The Do’s and Don’ts of Writing an Effective Job Description

May 27, 2014


As more and more jobs are created in the private sector, the best candidates will be inundated with more and more career listings from which to choose. 

How can you write a description tailored to get the right talent applying for the right roles? 

We’ve compiled a list of 10 Do’s and 10 Don’ts that you need to follow when seeking your next employee.

The Do

It is important to write for the short-minded individual who cares about making an impact on your company.  Just as studies show that the average recruiter spends 6 seconds looking over a resume, a study on the internet tendencies of job seekers shows that you have 6.48 minutes to impress potential applicants. So what should you do when posting either on your own site or one such as Indeed or LinkedIn?

  • Do succinctly and accurately describe the title and position in a one-to-two sentence introduction.
  • Do highlight ‘must haves’ early.  These include the mandatory education, certifications, and hard skills.
  • Do utilize precise action verbs (facilitate, advise, reconcile) as opposed to vague action verbs (prepare, assist, coordinate).
  • Do list the essential responsibilities and tasks specifically, using present-tense action verbs to clarify the job.
  • Do Include explanatory phrases which tell why, how, where, or how often the tasks and duties are performed.
  • Do mention the location, amount of travel required, whether or not compensation will be offered for relocation, and whether a partial telecommute will be allowed.
  • Do ensure clarity on the employment terms including full-time vs. part-time, temporary or permanent, and salaried or hourly.
  • Do describe the benefits of your company including the culture, history, and environment.
  • Do understand that candidates may not know everything about your employer brand.  Write your job description to get them interested and complete additional research.
  • Do include specific contact.  It will help the applicant to personalize and properly tailor a cover letter.

It important to add needs (as opposed to wants), specifics, and most importantly, personality to the job description. For more information on job descriptions, read our job description writers’ advice.

The Don't

You have specific needs.  Why would you want to lead applicants on, confuse them, or use the exact same position description as your competitors?  The right job description will allow you to narrow down the perfect candidate from a list of qualified candidates.  The wrong job description will bring you confused candidates with varying levels of experience who decide to ‘throw an application out there.’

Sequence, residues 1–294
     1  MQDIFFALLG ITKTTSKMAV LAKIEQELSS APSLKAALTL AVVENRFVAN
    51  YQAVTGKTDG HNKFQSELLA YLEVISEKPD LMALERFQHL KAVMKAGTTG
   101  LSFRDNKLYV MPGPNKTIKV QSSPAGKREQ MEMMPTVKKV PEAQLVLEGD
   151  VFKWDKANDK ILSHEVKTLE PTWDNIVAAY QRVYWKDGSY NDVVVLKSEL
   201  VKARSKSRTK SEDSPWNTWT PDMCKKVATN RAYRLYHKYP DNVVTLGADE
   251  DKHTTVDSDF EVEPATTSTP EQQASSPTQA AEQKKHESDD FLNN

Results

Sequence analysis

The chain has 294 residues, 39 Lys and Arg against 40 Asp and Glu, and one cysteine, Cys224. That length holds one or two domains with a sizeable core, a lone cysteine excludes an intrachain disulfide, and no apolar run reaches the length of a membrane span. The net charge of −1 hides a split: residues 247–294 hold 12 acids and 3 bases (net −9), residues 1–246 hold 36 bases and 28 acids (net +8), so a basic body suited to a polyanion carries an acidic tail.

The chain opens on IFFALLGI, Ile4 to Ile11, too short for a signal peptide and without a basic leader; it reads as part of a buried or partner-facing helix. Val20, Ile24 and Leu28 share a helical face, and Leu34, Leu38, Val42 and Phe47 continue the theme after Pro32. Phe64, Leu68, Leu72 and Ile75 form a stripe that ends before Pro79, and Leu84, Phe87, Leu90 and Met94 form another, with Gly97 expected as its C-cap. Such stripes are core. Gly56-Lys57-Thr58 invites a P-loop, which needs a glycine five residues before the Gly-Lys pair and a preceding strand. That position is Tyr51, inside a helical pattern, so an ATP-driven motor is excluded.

• Don’t use jargon, acronyms, or other misleading terms.
  • Don’t group incompatible job functions.
  • Don’t list unreasonable expectations or overstate the needs of the position.  Doing this may provide you an overqualified candidate, but one who is bored and likely to leave at first opportunity.
  • Don’t use subjective adjectives (some, great, heavy, much).
  • Don’t artificially inflate the qualifications needed to complete basic requirements.  It is best to determine the minimum qualifications and establish preferred skills.
  • Don’t violate laws set by Americans with Disabilities Act (ADA).  This includes statements pertaining to age, gender, religion, and marital status.
  • Don’t use a boring template.  Although it is great to utilize a great example to help get you started, if you write “[Company] is seeking [Position] to do [Generalized Job Description],” you will get the kind of applicant who applies “[Applicant] is seeking a position with your company, offering [generalized skillset].” Passion begets Passion.
  • Don’t include minor tasks that are not unique to a specific job.
  • Don’t be inflexible to the job description. As companies change, the job will need to change with it. Employees need to be comfortable growing with your company.
  • Don’t use names of individuals to whom candidates will report. If an external applicant has never met ‘John/Jane Doe,’ why is it important to include it?

The Overture Group has extensive experience finding the right people at the right time for the right positions.  Learn more about our engagements, see what capabilities we offer to companies in need of advanced search, and contact us for more information.

We also would like to feature a few other sources of job description writing Do’s and Don’ts from the following sources:

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